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A Matter Of Law: A Memoir Of Struggle In The Cause Of Equal Rights Hardcover – May 2, 2005


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Editorial Reviews

From Publishers Weekly

In this dry but intriguing memoir, Carter, a U.S. District judge in New York, offers an insider's account of the legal battle to end segregation in the United States. Having served as Thurgood Marshall's chief legal assistant and then as General Counsel to the NAACP, Carter was pivotal in winning the Brown v. Board of Education case that outlawed racial segregation in public schools. Carter begins by describing his impoverished New Jersey childhood, the deaths of three of his siblings and the educational discrimination that "toughened him for later battles with racism." Although he also recounts his college years and his tumultuous experience in the army, Carter devotes most of the book to his legal career, detailing the events and strategies that led to the Brown vs. Board triumph. Perhaps most fascinating is Carter's take on the power struggles within the NAACP. Carter had a tepid relationship with Marshall, and he admits to feeling "hurt and angry" at being overlooked as his successor. Indeed, some may wonder if he still harbors a little of that anger; his portrayal of Marshall as a high-stakes gambler and an ambitious man who discarded people when their "usefulness to him was over" is less than flattering. Still, those who can take these details with a grain of salt and overlook Carter's plodding prose will find this a unique perspective on how the Civil Rights victory was won.
Copyright © Reed Business Information, a division of Reed Elsevier Inc. All rights reserved.

From Booklist

Carter was a pivotal figure in the struggle for racial equality and one of the legal architects in the NAACP attack on racial segregation that culminated in the Brown decision. His memoir is as understated as he was effective as a legal tactician in the struggle. As deputy counsel to Thurgood Marshall, he provided the legal substantive content and context that Marshall evoked as the nation's premier civil rights advocate. Carter offers insight into the workings of the NAACP and the subsequent break off with its Legal Defense Fund, which lead to Jack Greenberg's ascension as Marshall was appointed to the U.S. Court of Appeals. Carter exposes the undercutting of his initial effort to secure a position on the U.S. Federal Court by none other than U.S. congressman Adam Clayton Powell. Carter later came to Powell's rescue--at no charge--when the House attempted to unseat him. Carter, for more than 30 years serving on the federal bench in New York, is an example of social commitment and activism at its highest. Vernon Ford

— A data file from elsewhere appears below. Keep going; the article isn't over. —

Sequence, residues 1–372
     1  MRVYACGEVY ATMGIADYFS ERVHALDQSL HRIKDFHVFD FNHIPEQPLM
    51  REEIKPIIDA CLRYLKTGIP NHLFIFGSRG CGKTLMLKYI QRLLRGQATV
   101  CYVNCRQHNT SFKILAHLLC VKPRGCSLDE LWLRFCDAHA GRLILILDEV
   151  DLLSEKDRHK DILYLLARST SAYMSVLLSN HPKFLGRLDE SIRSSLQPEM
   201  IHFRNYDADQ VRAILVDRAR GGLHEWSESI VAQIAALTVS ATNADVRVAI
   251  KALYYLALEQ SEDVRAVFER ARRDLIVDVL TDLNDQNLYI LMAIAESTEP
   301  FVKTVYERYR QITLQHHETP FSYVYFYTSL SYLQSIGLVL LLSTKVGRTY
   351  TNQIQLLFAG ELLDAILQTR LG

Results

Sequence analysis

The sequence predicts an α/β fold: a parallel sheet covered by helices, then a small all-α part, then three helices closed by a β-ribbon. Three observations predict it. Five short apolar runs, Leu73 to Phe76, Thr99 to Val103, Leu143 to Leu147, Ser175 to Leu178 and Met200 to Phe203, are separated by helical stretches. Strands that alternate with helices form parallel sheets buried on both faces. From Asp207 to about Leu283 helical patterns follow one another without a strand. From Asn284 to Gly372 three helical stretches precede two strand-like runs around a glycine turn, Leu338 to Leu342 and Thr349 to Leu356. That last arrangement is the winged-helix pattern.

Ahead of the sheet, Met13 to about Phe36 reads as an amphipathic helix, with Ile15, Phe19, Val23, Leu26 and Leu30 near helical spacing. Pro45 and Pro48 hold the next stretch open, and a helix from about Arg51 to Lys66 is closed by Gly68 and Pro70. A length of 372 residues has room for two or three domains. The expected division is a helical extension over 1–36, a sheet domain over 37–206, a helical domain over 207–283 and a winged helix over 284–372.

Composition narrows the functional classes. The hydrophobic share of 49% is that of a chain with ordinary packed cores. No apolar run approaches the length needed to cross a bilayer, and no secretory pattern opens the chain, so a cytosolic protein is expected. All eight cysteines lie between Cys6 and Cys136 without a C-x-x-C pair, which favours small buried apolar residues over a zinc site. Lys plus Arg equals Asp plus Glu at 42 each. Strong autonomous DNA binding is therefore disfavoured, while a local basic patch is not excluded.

Copyright © American Library Association. All rights reserved
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Product Details

  • Hardcover: 256 pages
  • Publisher: The New Press; First Edition edition (May 2, 2005)
  • Language: English
  • ISBN-10: 1565848306
  • ISBN-13: 978-1565848306
  • Product Dimensions: 1 x 5.8 x 8.2 inches
  • Shipping Weight: 15.2 ounces
  • Average Customer Review: 4.0 out of 5 stars  See all reviews (2 customer reviews)
  • Amazon Best Sellers Rank: #529,571 in Books (See Top 100 in Books)

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5 of 5 people found the following review helpful By Jeffrey Leeper on September 27, 2005
Format: Hardcover
When reading about the history of the NAACP's and the Legal Defense Fund's struggle for human rights, we tend to hear more about Thurgood Marshall and not enough about Robert Carter, who was a integral part of the fight. After many years, Robert Carter has shared his perspective with us.

Tales from Carter's childhood and schooling are simply stated. Given the discrimination and hardship with which he grew up, these tales are more aptly labeled, "simply understated. His accomplishments through adversity are clearly laudable, but we don't get all the detail we would hope for. He does discuss a falling out between Marshall and him, and he also discusses grabs for power as Thurgood left. However, we don't get this level of detail on the cases.

Regardless of the level of detail, this is a very informative read. I would recommend that anyone wanting to know more about our continuing struggle with civil rights should read this book.
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4 of 4 people found the following review helpful By Donovan G. Rinker on October 13, 2005
Format: Hardcover
Judge Robert Carter gives a blow by blow account of the legal fronts of the civil rights struggle: the personalities involved, the infighting among them, the battles won, lost, and nearly neglected. Brown v. Board is well-told elsewhere, while other struggles receive overdue attention (e.g., the battle for the NAACP to preserve its member lists from scrutiny by officials striving to break the organization's back).

Carter perceives himself as the uncharismatic technocrat of the struggle, an unheralded leader in a fight who was unceremoniously jettisoned from its core despite his impressive contributions.

Accordingly, his account is that of a dutiful documentarian, rather than a labor of love, and the writing suffers for a dearth of passion.
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